If you have financial and social media accounts, you have likely received a security notification when it detects “unusual” activity.
This security notification can also be spoofed and used by cybercriminals to trick you into providing your phone number, email addy, and password.
And the enterprising ones will send a fake security notification to corporate users, to mine corporate data. As soon as access is freely given, cyber attackers have various means to make money from the mined data.
Example of a fake security notification
Here’s an example provided by Kaspersky. Cybercriminals usually create exact copies of a real message. However, if attackers are hunting for access to an internal system, they often have to use their imagination as they might not know how the email should appear.
According to Kasperskys’ security experts
“Everything about this message looks ridiculous, from the incorrect language to the rather dubious logic — it seems to be at once about linking a new phone number and about sending a password reset code. Nor does the “support” e-mail address lend credibility to the message: there is no plausible reason why a support mailbox should be located on a foreign domain (let alone a Chinese one).”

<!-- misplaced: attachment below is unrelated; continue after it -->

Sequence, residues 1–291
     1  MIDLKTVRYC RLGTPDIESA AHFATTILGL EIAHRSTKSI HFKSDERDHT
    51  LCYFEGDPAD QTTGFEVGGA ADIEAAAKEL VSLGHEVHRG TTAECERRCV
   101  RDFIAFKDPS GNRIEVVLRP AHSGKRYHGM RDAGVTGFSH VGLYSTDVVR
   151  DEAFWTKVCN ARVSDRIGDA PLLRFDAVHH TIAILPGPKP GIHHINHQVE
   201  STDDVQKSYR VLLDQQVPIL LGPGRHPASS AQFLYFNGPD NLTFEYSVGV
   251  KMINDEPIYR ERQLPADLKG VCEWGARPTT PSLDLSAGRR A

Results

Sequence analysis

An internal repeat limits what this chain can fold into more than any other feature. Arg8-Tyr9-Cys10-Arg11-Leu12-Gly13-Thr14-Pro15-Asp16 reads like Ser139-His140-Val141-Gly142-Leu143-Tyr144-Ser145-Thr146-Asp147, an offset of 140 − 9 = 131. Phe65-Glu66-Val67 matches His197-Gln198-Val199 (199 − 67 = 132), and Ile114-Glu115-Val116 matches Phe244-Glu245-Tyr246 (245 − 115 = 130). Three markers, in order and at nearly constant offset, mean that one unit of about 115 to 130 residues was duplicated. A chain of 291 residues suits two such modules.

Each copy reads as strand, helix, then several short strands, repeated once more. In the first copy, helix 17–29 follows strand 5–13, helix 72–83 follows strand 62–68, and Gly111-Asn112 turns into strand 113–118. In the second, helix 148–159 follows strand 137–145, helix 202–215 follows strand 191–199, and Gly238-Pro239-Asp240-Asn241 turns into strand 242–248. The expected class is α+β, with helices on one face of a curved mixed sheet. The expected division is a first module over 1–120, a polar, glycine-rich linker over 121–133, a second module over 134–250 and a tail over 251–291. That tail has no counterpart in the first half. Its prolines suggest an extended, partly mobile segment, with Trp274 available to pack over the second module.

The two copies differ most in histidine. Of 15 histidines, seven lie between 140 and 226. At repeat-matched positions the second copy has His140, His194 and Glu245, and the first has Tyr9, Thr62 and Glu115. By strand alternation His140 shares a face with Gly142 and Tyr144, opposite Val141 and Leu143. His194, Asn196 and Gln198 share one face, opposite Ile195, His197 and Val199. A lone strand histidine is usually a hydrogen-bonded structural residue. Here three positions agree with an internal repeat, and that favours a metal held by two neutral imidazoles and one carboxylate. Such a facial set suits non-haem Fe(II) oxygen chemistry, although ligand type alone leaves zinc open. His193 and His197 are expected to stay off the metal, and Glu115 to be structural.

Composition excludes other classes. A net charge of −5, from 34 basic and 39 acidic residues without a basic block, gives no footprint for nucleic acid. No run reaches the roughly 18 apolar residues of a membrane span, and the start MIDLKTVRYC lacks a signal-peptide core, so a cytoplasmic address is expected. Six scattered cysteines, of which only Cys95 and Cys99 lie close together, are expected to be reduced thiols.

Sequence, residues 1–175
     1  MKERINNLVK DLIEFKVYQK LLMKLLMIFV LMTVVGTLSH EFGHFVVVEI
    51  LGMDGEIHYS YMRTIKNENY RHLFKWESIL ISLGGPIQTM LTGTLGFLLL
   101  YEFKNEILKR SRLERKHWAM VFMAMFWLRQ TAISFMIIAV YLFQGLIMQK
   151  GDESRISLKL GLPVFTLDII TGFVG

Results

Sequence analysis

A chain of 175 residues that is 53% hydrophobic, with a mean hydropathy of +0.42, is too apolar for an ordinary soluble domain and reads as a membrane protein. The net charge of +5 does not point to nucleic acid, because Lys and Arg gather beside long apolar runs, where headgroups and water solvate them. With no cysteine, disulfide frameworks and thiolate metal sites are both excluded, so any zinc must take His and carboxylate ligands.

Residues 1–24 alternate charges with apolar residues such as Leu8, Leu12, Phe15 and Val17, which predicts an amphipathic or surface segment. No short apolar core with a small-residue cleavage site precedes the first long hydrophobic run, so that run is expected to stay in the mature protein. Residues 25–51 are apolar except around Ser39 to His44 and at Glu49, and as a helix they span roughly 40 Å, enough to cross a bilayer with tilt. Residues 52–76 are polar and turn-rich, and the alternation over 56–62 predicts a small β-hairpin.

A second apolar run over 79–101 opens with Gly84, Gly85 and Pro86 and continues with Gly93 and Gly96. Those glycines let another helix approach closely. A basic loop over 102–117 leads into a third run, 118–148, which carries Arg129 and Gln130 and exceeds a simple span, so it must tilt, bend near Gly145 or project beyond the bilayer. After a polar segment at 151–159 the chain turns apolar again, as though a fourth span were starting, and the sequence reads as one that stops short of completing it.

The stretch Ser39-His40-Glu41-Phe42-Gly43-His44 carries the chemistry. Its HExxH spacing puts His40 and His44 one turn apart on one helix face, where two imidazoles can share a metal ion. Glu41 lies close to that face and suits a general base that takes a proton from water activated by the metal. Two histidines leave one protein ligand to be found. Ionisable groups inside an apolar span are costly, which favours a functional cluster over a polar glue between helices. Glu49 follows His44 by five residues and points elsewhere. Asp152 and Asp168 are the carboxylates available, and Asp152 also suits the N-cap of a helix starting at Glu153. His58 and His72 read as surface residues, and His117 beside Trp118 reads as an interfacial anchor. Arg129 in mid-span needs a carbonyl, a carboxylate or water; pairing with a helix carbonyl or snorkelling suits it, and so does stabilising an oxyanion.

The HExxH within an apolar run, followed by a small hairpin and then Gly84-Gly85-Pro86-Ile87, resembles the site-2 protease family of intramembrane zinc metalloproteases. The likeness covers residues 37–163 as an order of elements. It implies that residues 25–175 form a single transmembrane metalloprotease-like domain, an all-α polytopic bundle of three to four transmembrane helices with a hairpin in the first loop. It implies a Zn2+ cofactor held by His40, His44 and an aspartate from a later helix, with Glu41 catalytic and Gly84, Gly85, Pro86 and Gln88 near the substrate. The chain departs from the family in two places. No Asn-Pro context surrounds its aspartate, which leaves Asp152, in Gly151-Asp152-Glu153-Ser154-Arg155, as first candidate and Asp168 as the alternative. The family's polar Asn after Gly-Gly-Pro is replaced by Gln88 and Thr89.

The cybercriminals are hoping that their victim, fearing for the security of their account, will click the red DON’T SEND CODE button.
What HR should include in their digital safe spaces program.
- Never click on links in automatic security notifications, whether real looking or not, unless verified by your IT department.
- On receiving a notification, check the security settings and linked details, do so by opening the website in the browser manually.
- A clumsily worded notification (as in the example) is a red flag and best ignored and deleted.
- When a security notification is received, even though it looks legit, always notify your IT department; it may be a sign of a targeted attack.
Dwayne, bro, do you have other info sec tips in mind?